How are raisins made? (Hint: Not like this)
We decided to let our grapes turn into raisins for the fall feast. Actually, Margo decided. I was against the idea. What’s the point of having fresh, delicious grapes shrivel into raisins?
Margo told me we’d let the grapes raisinate on the vine. Raisinate. Good word, right? I didn’t bother researching. I just left the grapes alone.
This is what we got:
Turns out raisinate isn’t really a word. Well, Wiktionary includes it, and the references are indeed to letting grapes shrivel. One catch: it’s done OFF the vine.
There goes our entire season’s crop. Oops.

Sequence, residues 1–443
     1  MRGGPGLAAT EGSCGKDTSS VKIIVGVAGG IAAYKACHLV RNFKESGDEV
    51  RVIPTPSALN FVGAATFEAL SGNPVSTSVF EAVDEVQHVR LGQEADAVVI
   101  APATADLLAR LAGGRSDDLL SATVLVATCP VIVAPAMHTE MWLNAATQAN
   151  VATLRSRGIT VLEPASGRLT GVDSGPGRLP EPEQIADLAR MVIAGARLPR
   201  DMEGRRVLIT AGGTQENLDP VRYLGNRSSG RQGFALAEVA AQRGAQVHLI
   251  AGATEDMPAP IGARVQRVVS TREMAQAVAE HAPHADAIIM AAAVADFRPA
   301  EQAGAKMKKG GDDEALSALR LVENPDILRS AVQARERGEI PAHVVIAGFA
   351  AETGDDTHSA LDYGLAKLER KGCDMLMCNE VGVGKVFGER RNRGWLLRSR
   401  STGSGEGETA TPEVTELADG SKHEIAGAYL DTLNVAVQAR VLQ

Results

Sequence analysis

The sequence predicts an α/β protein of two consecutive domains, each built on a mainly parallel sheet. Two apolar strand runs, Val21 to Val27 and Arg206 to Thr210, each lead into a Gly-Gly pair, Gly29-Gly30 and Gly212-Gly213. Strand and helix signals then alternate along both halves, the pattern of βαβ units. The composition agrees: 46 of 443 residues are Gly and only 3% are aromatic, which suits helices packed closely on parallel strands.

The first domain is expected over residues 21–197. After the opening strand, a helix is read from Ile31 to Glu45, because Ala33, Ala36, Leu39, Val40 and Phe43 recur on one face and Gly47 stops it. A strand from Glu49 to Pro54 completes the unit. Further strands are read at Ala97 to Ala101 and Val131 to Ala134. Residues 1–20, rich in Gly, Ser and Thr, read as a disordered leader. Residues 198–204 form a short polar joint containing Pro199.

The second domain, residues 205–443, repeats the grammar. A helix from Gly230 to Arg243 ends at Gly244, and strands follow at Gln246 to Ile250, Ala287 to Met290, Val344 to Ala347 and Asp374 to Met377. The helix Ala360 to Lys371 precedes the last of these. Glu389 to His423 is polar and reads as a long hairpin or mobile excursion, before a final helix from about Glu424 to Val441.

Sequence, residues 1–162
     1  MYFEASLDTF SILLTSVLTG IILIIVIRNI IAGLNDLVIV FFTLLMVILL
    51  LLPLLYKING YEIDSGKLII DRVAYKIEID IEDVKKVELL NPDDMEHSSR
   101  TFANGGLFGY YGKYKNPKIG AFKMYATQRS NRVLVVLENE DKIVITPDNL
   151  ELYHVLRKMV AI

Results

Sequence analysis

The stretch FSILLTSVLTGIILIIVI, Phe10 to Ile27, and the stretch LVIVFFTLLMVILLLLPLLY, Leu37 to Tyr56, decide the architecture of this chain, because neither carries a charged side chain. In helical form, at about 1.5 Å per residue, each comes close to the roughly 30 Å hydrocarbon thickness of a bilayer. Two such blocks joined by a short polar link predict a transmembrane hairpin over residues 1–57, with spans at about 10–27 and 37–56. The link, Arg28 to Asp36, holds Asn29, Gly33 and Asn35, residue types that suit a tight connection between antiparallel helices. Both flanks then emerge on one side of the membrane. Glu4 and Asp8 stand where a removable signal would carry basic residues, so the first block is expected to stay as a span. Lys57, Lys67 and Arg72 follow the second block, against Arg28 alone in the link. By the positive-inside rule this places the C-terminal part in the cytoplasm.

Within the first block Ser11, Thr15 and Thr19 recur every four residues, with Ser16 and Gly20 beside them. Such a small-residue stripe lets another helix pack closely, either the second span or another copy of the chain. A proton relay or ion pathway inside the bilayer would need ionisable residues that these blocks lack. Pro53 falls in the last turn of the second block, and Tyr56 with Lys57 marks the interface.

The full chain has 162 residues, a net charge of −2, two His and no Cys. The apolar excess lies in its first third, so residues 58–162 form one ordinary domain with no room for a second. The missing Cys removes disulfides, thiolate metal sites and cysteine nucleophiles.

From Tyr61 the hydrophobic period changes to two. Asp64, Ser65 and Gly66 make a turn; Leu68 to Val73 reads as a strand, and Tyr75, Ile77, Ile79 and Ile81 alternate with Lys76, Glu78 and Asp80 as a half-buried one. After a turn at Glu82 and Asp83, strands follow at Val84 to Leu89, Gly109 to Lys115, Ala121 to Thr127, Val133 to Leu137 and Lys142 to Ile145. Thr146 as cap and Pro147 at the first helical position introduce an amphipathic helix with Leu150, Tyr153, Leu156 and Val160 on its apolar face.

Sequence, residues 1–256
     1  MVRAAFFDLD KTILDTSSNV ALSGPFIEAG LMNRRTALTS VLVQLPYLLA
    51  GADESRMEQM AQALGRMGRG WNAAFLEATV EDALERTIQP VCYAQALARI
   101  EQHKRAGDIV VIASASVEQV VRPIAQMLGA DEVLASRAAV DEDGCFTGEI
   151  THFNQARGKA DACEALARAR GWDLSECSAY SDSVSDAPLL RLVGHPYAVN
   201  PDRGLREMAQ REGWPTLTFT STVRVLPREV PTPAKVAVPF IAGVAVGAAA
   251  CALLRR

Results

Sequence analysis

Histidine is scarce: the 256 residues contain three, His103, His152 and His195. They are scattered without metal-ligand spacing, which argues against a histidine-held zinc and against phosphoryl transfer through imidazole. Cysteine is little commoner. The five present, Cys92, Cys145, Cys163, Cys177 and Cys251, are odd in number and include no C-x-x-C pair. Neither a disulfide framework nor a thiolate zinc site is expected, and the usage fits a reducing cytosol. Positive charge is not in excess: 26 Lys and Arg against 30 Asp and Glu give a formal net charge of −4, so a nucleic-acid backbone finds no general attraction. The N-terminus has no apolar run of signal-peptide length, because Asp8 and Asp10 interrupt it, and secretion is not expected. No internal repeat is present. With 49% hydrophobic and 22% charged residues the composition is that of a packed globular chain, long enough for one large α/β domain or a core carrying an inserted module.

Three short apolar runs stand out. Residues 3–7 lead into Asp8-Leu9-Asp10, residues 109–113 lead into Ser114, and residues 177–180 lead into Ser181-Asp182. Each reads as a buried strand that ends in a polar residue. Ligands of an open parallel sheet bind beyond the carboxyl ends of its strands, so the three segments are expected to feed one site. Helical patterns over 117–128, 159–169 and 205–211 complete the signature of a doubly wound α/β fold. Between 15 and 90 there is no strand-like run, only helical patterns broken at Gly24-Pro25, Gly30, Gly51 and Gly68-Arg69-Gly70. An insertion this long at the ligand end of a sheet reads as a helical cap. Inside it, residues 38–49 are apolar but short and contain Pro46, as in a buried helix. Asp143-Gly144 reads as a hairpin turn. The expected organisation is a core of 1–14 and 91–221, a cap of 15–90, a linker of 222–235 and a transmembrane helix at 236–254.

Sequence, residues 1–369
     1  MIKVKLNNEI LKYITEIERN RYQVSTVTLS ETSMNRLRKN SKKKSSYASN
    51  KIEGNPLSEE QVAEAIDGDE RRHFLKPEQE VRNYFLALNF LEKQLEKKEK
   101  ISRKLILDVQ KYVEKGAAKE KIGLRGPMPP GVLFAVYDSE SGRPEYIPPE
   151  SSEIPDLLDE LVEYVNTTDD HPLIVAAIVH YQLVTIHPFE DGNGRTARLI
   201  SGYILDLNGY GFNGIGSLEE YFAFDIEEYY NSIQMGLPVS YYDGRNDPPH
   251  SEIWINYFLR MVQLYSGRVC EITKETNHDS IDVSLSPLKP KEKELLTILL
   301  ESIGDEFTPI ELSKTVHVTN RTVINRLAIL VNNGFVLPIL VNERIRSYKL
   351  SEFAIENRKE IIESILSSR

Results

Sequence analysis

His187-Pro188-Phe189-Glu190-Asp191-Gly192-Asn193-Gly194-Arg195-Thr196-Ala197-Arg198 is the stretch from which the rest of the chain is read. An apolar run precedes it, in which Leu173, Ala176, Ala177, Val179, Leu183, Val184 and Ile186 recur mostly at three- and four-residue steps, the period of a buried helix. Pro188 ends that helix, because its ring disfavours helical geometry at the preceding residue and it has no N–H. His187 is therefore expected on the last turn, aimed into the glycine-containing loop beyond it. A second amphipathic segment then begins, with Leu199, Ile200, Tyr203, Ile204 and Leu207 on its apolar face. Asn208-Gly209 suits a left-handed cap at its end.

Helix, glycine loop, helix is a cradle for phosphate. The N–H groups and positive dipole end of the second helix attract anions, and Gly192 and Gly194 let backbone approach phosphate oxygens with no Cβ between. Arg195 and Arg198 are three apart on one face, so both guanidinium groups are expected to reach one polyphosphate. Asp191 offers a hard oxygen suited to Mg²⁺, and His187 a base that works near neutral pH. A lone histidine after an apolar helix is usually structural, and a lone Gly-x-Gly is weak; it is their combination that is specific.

Raisins are usually harvested at their peak (late summer) and then laid out to dry for anywhere from two days to three weeks, depending on the conditions and your taste preference. Drying can be done outside or in a dehydrator, depending on the climate. The trick is that raisins need hot, dry weather to suck out all that juicy moisture (we’re talking around 85-100 degrees). They’re subject to rot and mold if the conditions aren’t right (like in our coastal-influenced Menlo Park). Be sure to check them consistently.
There is a method for vine-ripened grapes, called DOV (dried-on-vine). This UC study presents DOV as a labor saving solution. Ripe grapes are left on the vine and collected by mechanized harvesting machines. While they technically dry on the vine, it’s no longer attached to a living plant. The point is to increase mechanization and eliminate the need for workers to harvest bunch by bunch. Hm — not quite the vine-ripened garden imagery we had in mind.